With the dawn of a new, imminent era brought by the Internet, it was clear to many that the Cold War was only going to continue. However, while not as serious nowadays, the Cold War is still a thing but the game has changed.
A few decades back, governments of the world used to throw spies around to gather information, now they can gather all they want from their homes, with a few clicks. Of course, spies still exist today, but I bet they’re a bit jealous on what skilled hackers can do.
A classic anti-propaganda tool used during the last century was censorship, and anyone could guess that it’s still around. Given the broad range of things you can find on the Internet, that’s not a surprise. Russia is among the countries that still uses this tool, as many sites “threaten the integrity of the Russian federation”.
According to Wikipedia, the first certain case of attempted censorship by the Russian government was back in December 2008, during the Vladivostok demonstrations, when they attempted to silence members of a forum board who spoke about the protests. They managed to do this by pressuring the moderators of the forum to restrict the posts about protests to unique ones.
Another important incident happened in March 2014, in the midst of the Crimean crisis. The Russian government then blocked certain websites and blogs which were urging people to protest. In between these two incidents, there were a lot more, with even The New York Times calling Russia out on their banning shenanigans, back in 2013.
The Other Side
While to an average American citizen, things may not seem that strict when it comes to Internet browsing, the USA have a lot more restrictions in place, with about a dozen categories (while Russia had about twenty banning incidents per total). While these aren’t necessarily in place to suppress the opinions of individuals, the American government still doesn’t let its citizens see what they don’t want them to see, and that’s where the two governments start looking alike.
A huge censorship incident related to the United States was the famous Wikileaks lawsuit, which prompted the government to ban the website, which hosted a plethora of classified information. The ban was lifted afterwards, due to the involvement of the Electronic Frontier Foundation, which said that the measures taken were against the right to free speech.
A Necessary Evil
As I previously stated, not all bans are meant to conceal propaganda from the eyes of the public. Many of Russia’s bans were placed in order to prevent the ones that read the posts from damaging themselves and the others around them. For example, the news that Russia had banned Reddit blew up on the Internet a few days ago. However, it was later found out that only one thread is banned, in which a user thoroughly explains how to grow hallucinogenic mushrooms, which could cause addiction. In the United States, these bans are mostly concerning piracy sites, such as The Pirate Bay (which just keeps dodging them by switching addresses).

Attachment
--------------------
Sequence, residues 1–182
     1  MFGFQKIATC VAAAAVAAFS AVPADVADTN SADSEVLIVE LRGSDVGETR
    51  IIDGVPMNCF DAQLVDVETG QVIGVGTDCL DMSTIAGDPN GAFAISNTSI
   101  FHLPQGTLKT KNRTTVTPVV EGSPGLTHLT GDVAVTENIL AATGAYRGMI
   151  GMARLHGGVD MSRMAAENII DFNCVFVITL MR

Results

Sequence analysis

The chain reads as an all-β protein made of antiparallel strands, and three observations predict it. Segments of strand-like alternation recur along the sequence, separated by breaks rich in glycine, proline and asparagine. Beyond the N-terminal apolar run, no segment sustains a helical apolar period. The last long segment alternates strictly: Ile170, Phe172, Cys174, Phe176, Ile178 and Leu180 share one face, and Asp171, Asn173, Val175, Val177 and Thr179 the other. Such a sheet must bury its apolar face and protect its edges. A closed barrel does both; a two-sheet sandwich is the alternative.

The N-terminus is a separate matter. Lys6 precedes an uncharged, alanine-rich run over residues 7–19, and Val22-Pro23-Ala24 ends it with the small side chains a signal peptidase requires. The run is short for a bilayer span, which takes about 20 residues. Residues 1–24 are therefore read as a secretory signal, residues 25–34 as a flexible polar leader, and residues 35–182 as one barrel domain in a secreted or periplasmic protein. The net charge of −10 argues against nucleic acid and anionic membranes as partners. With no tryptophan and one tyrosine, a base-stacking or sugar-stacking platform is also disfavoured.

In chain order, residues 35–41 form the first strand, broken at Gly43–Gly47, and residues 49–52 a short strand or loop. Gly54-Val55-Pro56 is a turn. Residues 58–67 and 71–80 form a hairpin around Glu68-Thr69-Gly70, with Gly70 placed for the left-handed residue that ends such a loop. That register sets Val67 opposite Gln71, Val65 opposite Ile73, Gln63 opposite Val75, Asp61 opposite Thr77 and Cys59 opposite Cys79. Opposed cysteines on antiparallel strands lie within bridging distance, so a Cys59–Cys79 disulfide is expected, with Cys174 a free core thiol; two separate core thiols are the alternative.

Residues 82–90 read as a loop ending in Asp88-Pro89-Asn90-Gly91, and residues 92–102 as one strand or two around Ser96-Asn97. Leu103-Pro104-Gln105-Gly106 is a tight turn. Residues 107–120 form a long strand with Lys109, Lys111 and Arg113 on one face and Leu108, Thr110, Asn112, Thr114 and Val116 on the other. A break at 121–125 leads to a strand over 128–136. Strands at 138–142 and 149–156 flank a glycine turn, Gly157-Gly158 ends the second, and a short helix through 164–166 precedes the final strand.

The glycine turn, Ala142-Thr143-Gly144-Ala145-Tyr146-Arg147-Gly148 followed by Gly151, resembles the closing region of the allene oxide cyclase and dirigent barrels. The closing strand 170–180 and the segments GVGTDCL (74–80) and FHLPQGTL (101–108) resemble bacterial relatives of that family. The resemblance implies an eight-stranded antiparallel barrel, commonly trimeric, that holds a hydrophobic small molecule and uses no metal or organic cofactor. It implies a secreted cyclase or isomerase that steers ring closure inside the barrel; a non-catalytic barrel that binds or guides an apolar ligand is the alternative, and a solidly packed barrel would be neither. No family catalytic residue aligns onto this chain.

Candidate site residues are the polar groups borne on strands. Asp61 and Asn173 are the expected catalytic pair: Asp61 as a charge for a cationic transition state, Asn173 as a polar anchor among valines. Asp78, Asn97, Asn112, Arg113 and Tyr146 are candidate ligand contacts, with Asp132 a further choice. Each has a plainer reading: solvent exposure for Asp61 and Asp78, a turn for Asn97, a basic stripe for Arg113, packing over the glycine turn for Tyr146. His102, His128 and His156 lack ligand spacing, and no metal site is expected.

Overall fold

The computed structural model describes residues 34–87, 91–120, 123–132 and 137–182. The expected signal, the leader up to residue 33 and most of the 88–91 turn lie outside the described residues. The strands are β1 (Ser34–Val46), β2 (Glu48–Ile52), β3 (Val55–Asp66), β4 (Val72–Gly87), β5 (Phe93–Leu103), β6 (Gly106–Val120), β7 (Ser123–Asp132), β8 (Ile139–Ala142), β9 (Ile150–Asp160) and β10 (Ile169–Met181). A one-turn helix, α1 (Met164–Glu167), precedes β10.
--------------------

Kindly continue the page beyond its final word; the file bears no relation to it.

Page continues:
No “Magic Money” for the People!
Weirdly enough, all around the world, there are countries that have banned Bitcoin. Russia is perhaps the biggest and most important example, as it was the last one to ban the cryptocurrency. While there is no explicit law banning Bitcoin, CNBC has reported that Bitcoin is illegal in Russia since December 2014. It seems that the reason for this is so that banks still have control over the total capital of the country.
Other notable countries that have banned this coin are Indonesia, Thailand and Vietnam. Some countries allow Bitcoin, but with certain restriction. China, for example, forbids financial institutions to use Bitcoin under any circumstances, but personal use is okay. In Iceland, Bitcoin commerce and trading is forbidden, but mining is allowed.
Hacking – Spying 2.0
Something truly threatening which appeared at the same time as the Internet is hacking, and governments know that very well. There are various websites around the Internet which allow you to see where hacking attacks take place from, and what their target is. Surprisingly, Russia does not have much involvement in this niche, as most attacks are targeted to the United States, but from China. It’s a bit weird to see that another country tries harder than Russia to gain American secrets, but given that Russia and China have numerous accords in which Russia sells gas to China, it wouldn’t be a surprise to see China trading over some of the information their hackers find.
A Brief Conclusion
In the midst of a dangerous world, capable of launching nuclear bombs and bringing the end of mankind with the press of a button, is the Internet a threat if used correctly? Definitely. That is why governments need to protect their intellectual properties as well as they protect their physical ones. If a single virus can damage your computer so badly, imagine what it could do to nuclear plants.
As for censorship, is it a good thing? Not really, but in many cases, it is a necessary evil, as some things are better left alone.